I am often asked by clients if they can add their wife, husband, partner, mother, father (even aunt or uncle) as a director to pay them dividends from their limited company. As ever, the answer is….it depends! 
Firstly, it is important to understand the difference between a directors and a shareholder. 

Shareholder 

A shareholder is effectively an owner of the company. 
 
The amount of shares they hold determines how much of the company they legally own and control. 
 
A company can have different types of shares and those share types can have different levels of control and voting rights. 
 
Shareholders are entitled to dividends from profits made by the company. The amount they are entitled to is determined by the proportion of shares they hold. If they hold 80% of the shares, they are entitled to 80% of the profits/dividends. 

Director 

A director is a manager of the company.  
 
Directors are in charge of the day-to-day running of the company. They set the business strategy and make decisions on behalf of the company to move the business towards its ultimate goals. 
 
Directors are also responsible for ensuring that the company meets its statutory obligations i.e. filing of accounts and settling tax liabilities. Directors have a legal obligation to act in the best interests of the company at all times. 
 
 
In a small company, there is often just one or two directors, who are also shareholders. 
 
To pay dividends to a family member they will need to be added as a shareholder. 

How does it work? 

Dividends should be paid in proportion to the number of shares the shareholders own. So, if you own 50 Ordinary Shares each, each time the company pays a dividend, each shareholder should receive 50% of the total dividend.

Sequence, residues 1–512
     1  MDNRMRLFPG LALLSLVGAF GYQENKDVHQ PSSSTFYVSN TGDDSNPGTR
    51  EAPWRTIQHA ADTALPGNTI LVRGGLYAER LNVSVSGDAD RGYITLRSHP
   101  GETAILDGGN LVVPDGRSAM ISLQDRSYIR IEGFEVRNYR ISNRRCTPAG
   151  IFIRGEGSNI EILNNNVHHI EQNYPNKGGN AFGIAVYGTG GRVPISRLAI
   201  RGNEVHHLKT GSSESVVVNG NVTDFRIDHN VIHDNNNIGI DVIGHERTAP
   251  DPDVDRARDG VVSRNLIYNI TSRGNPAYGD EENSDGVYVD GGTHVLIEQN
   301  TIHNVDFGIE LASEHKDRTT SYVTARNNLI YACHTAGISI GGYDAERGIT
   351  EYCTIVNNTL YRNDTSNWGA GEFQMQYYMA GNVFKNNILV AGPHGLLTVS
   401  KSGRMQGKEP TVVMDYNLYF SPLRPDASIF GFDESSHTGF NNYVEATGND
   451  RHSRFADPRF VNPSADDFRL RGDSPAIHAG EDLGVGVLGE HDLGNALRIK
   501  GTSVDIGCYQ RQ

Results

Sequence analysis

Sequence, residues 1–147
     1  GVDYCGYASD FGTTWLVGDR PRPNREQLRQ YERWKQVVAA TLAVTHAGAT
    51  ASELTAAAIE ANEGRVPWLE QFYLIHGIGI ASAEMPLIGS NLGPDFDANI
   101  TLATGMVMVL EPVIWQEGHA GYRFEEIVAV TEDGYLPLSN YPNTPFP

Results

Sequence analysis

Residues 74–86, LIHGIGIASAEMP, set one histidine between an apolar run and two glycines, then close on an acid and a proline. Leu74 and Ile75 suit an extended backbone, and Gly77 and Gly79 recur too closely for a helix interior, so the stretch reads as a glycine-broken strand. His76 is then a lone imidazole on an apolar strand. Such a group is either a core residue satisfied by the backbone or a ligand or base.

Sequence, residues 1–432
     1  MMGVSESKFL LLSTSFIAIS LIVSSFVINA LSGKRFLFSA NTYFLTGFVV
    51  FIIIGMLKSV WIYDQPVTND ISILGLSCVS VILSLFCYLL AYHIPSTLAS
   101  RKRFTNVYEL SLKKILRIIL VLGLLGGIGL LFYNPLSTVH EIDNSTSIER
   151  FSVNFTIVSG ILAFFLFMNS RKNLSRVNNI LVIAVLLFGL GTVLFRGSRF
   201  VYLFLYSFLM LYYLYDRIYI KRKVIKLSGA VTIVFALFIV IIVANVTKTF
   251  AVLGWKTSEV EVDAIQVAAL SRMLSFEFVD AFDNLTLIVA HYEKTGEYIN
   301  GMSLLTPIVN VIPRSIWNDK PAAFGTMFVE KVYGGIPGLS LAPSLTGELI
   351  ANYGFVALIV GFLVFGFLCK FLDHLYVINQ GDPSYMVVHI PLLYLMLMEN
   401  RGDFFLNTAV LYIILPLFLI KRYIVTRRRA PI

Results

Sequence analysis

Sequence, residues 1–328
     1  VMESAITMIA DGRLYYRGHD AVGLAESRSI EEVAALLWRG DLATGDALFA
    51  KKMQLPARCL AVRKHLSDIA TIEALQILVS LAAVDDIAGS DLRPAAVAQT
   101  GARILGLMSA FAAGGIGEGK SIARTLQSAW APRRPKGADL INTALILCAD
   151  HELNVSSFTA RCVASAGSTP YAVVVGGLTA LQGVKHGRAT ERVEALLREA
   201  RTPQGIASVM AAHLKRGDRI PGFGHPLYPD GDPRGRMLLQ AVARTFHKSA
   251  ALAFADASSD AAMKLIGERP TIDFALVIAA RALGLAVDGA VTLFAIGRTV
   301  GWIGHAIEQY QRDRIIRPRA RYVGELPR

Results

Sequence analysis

If you want to pay a specific or different amount to a shareholder, the simplest solution is to set-up alphabet shares. Alphabet shares allow you to have different types of shares and therefore pay different shareholders different amounts of dividends.  
 
This ensures flexibility. 
 

How much could you save? 

If you were to pay a spouse (or other person) just £2,000 a year in dividends (utilising the dividend allowance), you could save £150 - £650 in income tax per year (based on 2016/17 tax thresholds and rates). Most limited company owners will find the savings closer to £1,625 per year. 
 
There are more potential savings available if you can justify a larger amount payable to your family member. 

Are there any pitfalls? 

Care needs to be taken to ensure that you are not caught by the Settlement Legislation and therefore attract attention from HMRC. The Settlement Legislation, put simply, is anti-avoidance legislation to target people who arrange to divert their income to avoid tax, or to pay tax at a lower rate. 
 
To guard against this, if the family member doesn’t actively work within the company, we would usually advise against them holding more than 20% of the shares. Giving more than 20% could leave you open to scrutiny from HMRC. 

Things to consider 

Before going ahead, there are several considerations to be made. 
 
1. Does the family member actively work in the business? 
 
If they actively work in the business, as explained above, it may be easier to justify the dividends. 
 
2. What are their current earnings from employment, property etc? 
 
It is important to determine whether they are a basic rate or higher rate tax payer to identify what the potential tax savings may be. 
 
3. How much dividend do you wish to pay and what proportion of the profits does this equate to? 
 
By considering how much you wish to pay them, we can look at the best share structure – whether to use standard Ordinary shares or perhaps make use of Alphabet shares. 
 
4. Are you aware of the other consequences of issuing shares? 
 
When family members become shareholders, they are not just entitled to dividends, they become legal owners of the company. It is vital that you understand this as although we all have the best of intentions, relationships can break down and this can become another asset to cause friction. 
Effective Accounting is a family business. My mum, Jill and sister, Natalie, work in the office and we know how important family is. We also know how every penny counts and we work proactively with our clients to make the numbers work for them. 
Next steps….get in touch to discuss. Drop us an email or give us a call. 
 
Remember: One size does not fit all, so it is vital that you speak to us and get tailored advice on this before proceeding. 
 
 
 
 
Written by: 
 
Nicola J Sorrell -  
Effective Accounting 
 
Founder | Xero Champion | IR35 Expert 
 
 
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